Over expose or under expose?

Discussion in 'Canon EOS' started by danielransom, Oct 29, 2006.

  1. Is it better to sightly over expose or slightly under expose a shot? I have heard discussion on both sides
    as to which is better. Both sides say that their technique carries more info. I shoot with a Canon 30D.
    Could this be another one of the differences between CMOS and CCD sensors?
  2. This may sound a bit smart-alecky, but why not properly expose? Seriously though, If you plan to post process the photo, over-expose. If you plan to leave it as-is, then under expose.
  3. Very often, overexposed means blown out highlights and by that definition, anything overexposed (ie, pixel value greater than 255 255 255) will be pure white and no info can be recovered from it. >> Result: you are screwed.

    Things underexposed does not mean pixel value of 0 0 0 so info can be extracted out. If you increase the exposure digitally, you end up also amplifying the noise so the noise will be much worse for that particular ISO that you were using.

    However, the real reality depends on the situation. if the over exposed section is a street light in the background, that's perfectly find. Or if the over exposed region is some cloud that's not important and does not add much to the photo, then go ahead and over expose it if that's what you need to bring the rest of the photo to proper exposure. (i.e. overexposed useless highlights so that the main subject is properly exposed).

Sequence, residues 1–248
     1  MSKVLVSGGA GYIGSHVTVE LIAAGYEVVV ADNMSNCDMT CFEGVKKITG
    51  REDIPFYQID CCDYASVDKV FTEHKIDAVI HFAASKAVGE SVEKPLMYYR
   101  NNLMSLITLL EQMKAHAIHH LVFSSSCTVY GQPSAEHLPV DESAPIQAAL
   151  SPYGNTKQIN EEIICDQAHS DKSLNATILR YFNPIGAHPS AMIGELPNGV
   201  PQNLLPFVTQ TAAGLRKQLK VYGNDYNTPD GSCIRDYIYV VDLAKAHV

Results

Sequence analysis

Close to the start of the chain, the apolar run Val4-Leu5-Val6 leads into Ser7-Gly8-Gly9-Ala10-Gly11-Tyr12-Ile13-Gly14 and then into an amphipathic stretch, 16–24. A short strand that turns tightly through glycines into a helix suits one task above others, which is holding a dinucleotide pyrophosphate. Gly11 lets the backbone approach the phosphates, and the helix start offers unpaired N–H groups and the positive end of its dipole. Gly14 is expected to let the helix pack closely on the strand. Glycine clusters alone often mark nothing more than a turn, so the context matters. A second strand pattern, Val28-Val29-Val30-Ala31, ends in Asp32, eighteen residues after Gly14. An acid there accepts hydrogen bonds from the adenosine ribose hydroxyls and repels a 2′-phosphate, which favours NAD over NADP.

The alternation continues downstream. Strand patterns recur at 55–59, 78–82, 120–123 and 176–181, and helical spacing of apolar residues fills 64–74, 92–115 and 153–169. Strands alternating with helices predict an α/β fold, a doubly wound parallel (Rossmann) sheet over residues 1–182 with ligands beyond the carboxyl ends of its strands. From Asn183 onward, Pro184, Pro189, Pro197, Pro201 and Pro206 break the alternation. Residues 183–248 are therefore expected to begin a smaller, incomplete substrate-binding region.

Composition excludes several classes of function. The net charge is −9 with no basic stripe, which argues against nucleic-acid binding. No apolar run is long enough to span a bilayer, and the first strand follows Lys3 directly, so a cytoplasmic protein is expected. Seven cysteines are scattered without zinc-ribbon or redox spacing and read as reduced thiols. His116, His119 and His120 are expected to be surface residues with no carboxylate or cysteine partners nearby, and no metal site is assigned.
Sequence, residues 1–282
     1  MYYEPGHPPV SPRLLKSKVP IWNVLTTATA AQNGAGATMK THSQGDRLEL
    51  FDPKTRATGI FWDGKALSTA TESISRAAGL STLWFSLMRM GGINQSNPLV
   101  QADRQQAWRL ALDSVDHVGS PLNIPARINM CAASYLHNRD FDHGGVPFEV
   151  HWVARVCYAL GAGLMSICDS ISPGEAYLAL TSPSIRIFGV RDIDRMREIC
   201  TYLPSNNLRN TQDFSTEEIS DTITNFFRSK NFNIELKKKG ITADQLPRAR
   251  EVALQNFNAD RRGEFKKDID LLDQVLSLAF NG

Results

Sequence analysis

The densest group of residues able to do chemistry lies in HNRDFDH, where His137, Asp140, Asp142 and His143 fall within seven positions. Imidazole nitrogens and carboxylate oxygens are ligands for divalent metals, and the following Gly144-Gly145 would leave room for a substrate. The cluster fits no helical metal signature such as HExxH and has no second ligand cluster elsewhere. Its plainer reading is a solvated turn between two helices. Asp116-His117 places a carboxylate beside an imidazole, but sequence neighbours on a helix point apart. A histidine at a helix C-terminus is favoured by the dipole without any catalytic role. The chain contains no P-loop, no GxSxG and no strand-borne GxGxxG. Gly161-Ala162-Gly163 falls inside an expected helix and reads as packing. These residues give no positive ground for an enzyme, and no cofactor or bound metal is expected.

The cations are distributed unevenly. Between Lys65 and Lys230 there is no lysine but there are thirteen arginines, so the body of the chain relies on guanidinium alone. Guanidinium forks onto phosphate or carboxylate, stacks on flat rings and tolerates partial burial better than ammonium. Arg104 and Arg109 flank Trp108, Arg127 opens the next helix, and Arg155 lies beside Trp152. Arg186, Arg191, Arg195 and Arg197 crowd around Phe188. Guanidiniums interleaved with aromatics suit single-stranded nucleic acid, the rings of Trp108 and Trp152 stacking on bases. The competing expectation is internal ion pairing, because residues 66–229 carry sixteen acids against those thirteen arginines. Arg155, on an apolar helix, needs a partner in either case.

If the main subject is over exposed to 255 255 255, then you are screwed. In this case, better to underexpose.

    Just to throw this out there. If you shoot raw, you have about another stop to play with and can recover a 255 255 255 over exposed section if it's only very slightly overexposed past 255 255 255.
  4. Shoot RAW, and expose to the right. The best exposure is generally one which is as far right as possible, without clipping. If you err on the side of underexposure, you lose dynamic range and get more noise. If you err on the side of overexposure, you get clipped highlights, which cannot be recovered.
    If you shoot JPEGs, aim for an exposure which makes the JPEG look the way you want it. Given the limited bit depth of JPEGs and the use of lossy compression, you are best off if you can avoid having to do any editing, so try to get it right the first time.